Now he had to get to making those calls. He had a dilemma regarding whom to call first. He was supposed to call Ramón Alvarado first, but after witnessing the conversation in the coffeeshop today it was urgent to call Peter Stouffer.

He thought a moment, until he had wasted important time that could go into making calls thinking. He decided that it was best if he get into the AALL card thing with Peter right now.

Peter Stouffer had a blonde Beatles cut with blue eyes and freckles, and he would wear red-and-white-striped T-shirts. He spent much of his time listening to techno music, and always walked or stood around with a pair of headphones on. He even had with headphones on when he was out doing things with Steve. Seeming so inwardly drawn and complacently poppy by his immersion in his music, it was hard to believe that Peter was also a private detective. He spent much of his time as a self-employed, freelance magnum machine. With an amateur lab in his basement, and a computer that had databases of birth records, missing persons and all sorts of stuff downloaded from the Internet, he had been able to singlehandedly foil a cashier who was stealing from his own store and baffled police by solving a murder on Richmond Avenue.

Steve dialed Peter’s number and heard his telephone ringing. Peter picked up the telephone and lowered his headphones to around his jaws. "Hello?"

"Hello. Peter?"

"Oh, hi, Steve."

"Peter, listen. I was at Zettolo’s today and I heard these four men who were sitting at a table . . . they were talking about stealing AALL cards."

"Oh, no!"

"They said they were going to meet on St. Charles Bridge."

"St. Charles? All right, I’ll be sure to watch out for it. What time?"

"Time? Oh. Uhhh. I don’t remember what they said. They said it was . . . tonight".

"Do you have a description of them?"

"Two of them were really bulky. They were drinking these mochas when I saw them. Two of them looked Caucasian, two of them looked definitely Caucasian, there were two who may have been Hispanic, I couldn’t really tell, they had this straight dark hair. Two of them had moustaches. One of them’s name . . . Lee. I think Lee was the one wearing the plaid shirt."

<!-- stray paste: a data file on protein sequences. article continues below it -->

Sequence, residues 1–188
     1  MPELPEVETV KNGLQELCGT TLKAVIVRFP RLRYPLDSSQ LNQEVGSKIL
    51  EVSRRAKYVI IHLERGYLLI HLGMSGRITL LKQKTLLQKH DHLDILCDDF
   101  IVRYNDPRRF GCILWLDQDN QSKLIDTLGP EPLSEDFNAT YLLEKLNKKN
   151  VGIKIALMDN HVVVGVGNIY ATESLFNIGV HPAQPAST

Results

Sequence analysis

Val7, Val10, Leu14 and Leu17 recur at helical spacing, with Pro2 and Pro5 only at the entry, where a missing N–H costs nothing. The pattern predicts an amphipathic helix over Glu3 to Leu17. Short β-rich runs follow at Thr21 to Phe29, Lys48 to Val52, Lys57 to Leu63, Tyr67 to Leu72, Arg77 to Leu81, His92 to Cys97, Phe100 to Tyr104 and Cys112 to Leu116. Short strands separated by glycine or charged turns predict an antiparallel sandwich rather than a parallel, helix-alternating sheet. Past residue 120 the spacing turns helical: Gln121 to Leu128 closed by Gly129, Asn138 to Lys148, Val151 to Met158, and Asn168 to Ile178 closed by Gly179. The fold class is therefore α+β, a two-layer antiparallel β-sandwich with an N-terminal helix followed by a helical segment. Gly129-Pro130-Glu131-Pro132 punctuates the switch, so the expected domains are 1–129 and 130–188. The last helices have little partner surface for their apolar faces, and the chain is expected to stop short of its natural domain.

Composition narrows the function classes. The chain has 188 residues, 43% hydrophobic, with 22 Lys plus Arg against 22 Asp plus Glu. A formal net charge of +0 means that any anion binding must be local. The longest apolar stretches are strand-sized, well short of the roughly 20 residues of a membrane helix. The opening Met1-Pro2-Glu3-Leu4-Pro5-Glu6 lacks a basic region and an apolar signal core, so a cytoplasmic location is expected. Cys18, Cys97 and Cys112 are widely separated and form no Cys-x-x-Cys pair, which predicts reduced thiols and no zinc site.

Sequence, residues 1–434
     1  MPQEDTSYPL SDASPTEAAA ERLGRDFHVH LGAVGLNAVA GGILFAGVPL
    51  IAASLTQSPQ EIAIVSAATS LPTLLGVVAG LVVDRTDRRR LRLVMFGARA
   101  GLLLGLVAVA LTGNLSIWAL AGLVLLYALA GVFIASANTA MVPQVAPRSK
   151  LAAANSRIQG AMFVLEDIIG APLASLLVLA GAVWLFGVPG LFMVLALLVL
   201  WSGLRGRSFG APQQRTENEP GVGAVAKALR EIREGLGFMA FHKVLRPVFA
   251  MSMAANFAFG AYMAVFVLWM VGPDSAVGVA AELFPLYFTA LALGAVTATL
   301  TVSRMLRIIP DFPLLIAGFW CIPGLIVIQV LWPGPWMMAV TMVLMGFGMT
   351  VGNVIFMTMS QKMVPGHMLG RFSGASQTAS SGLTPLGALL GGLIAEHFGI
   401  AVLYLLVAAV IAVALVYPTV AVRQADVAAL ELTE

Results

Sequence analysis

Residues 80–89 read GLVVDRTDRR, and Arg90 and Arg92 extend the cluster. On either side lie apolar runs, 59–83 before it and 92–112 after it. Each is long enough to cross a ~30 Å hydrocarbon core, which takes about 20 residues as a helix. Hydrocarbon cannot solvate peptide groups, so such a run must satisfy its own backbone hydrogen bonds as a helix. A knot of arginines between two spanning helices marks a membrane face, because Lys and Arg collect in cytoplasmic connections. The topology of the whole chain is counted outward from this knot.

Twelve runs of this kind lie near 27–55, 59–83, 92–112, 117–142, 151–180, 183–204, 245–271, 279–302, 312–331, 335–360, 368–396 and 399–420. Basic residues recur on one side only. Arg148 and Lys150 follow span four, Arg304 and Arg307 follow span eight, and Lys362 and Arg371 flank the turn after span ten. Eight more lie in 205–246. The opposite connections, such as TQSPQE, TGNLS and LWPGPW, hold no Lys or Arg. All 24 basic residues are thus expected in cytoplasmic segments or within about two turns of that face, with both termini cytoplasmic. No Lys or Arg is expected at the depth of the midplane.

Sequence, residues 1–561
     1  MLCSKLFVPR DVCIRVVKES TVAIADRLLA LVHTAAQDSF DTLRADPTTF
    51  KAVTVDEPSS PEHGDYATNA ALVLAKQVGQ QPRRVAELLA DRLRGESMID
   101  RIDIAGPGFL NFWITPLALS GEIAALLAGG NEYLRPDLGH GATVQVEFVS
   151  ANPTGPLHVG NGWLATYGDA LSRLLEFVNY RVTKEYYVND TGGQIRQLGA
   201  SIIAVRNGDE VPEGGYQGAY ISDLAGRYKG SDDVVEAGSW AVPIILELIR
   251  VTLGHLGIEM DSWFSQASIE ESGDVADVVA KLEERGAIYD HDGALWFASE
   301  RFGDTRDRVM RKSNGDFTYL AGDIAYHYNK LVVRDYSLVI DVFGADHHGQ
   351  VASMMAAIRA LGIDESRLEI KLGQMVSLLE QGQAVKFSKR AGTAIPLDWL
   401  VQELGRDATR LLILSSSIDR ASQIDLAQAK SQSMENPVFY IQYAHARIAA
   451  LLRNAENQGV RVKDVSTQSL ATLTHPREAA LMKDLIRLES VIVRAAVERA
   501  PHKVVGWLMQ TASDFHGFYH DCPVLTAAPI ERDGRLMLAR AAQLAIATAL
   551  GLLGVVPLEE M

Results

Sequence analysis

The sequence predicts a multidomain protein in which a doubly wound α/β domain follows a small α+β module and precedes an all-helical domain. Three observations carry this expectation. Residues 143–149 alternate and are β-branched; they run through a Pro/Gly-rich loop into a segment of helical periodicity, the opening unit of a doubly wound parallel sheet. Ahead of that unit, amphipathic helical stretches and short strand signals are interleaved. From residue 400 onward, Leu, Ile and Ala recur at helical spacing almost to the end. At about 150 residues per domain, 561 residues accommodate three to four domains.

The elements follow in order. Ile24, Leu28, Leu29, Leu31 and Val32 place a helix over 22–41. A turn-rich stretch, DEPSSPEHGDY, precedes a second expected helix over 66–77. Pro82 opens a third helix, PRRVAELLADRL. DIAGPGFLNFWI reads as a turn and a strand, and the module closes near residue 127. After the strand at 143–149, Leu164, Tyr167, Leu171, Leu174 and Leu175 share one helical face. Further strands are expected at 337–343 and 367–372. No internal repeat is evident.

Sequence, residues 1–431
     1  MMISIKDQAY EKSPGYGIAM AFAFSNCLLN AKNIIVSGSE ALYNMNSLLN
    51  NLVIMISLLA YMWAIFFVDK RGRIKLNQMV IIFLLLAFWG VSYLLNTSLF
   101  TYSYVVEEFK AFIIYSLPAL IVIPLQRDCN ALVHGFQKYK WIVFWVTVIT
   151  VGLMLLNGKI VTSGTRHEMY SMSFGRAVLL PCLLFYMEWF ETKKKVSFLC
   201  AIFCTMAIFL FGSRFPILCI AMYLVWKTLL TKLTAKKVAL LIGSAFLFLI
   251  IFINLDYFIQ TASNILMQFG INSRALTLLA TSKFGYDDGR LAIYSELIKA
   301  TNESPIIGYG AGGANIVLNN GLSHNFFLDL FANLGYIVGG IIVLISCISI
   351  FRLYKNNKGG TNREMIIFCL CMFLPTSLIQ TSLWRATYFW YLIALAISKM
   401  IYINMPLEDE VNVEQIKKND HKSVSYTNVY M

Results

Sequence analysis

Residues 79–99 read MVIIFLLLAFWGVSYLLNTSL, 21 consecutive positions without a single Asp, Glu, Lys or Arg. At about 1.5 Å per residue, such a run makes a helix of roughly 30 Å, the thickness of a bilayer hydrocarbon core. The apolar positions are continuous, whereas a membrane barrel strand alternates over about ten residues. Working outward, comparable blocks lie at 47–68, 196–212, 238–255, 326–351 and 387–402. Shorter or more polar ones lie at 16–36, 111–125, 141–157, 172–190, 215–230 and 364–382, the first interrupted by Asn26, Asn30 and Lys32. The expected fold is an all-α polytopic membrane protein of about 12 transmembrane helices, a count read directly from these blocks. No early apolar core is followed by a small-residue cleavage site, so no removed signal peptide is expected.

"Any distinguishing marks?"

"Well, there was one with dark brown hair who had a prosthetic eye. Not a glass eye -- one of those artificial eyes that can actually see."

"All right."

"I really hope you can stop them, Peter."

"I can’t make any promises, but I’ll do my best."

"Good. They said they had thumb prints with them to go with the AALL cards."

"Well, I’ll be sure to look for any thumb prints then. Oh, check it out, this is a really great part of the song." Peter lifted the headphones up to the speaker and played a piece of techno.

After a while he lifted them down again. "Wasn’t that great?"

"Sure was. Is there anything else you need to know?"

Peter replied, "Yeah, actually there is something else..?"

"Anything, you name it."

Peter laughed. "Never tell a private dick that you’ll do anything. What are you doing later?"

Scratching his head, Steve answered, "I’ve got to return several calls and figure out what I’m going to do to better my dismal life."

"In that case, chuck the calls and the drama and come on the stakeout with me tonight. My partner, Dan, is tied up with a missing persons case."

Steve sighed. "I guess I can’t say no....can I?"

"Negative. Meet me at the foot of the bridge 10 minutes before sundown. And bring the food and drink. I’ve got the technology."

Before Steve could reply, he heard the ding that signaled the cellphone call ended.

He walked up to the one-page-a-month calendar on the wall. On April 14, he wrote "ST. CHARLES BRIDGE, 10 MIN BEFORE SUNDOWN".